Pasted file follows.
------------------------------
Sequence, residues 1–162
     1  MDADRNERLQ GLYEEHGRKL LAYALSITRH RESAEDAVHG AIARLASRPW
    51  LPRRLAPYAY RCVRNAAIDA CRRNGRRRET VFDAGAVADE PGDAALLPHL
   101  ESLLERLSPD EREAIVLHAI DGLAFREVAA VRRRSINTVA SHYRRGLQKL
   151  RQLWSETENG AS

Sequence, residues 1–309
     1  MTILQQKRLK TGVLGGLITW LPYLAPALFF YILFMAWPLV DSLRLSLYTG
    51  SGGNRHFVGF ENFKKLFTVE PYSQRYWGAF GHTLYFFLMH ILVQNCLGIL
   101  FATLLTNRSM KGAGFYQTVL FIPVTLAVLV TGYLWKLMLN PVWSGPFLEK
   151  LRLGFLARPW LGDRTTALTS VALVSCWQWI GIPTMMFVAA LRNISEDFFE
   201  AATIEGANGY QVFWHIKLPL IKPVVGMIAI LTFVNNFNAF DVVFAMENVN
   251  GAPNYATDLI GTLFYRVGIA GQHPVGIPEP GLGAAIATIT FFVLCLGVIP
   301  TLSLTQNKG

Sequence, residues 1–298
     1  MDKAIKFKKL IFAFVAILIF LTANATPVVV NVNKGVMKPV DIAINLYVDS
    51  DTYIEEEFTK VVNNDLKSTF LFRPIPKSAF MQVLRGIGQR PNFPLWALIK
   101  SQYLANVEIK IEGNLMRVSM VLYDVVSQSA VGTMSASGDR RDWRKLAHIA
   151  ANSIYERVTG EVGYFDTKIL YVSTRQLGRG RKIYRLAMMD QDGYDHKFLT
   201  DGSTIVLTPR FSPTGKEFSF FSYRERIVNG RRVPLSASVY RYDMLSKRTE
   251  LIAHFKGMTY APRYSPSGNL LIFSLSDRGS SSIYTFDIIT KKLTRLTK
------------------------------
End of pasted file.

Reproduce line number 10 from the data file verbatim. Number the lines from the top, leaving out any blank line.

   151  LRLGFLARPW LGDRTTALTS VALVSCWQWI GIPTMMFVAA LRNISEDFFE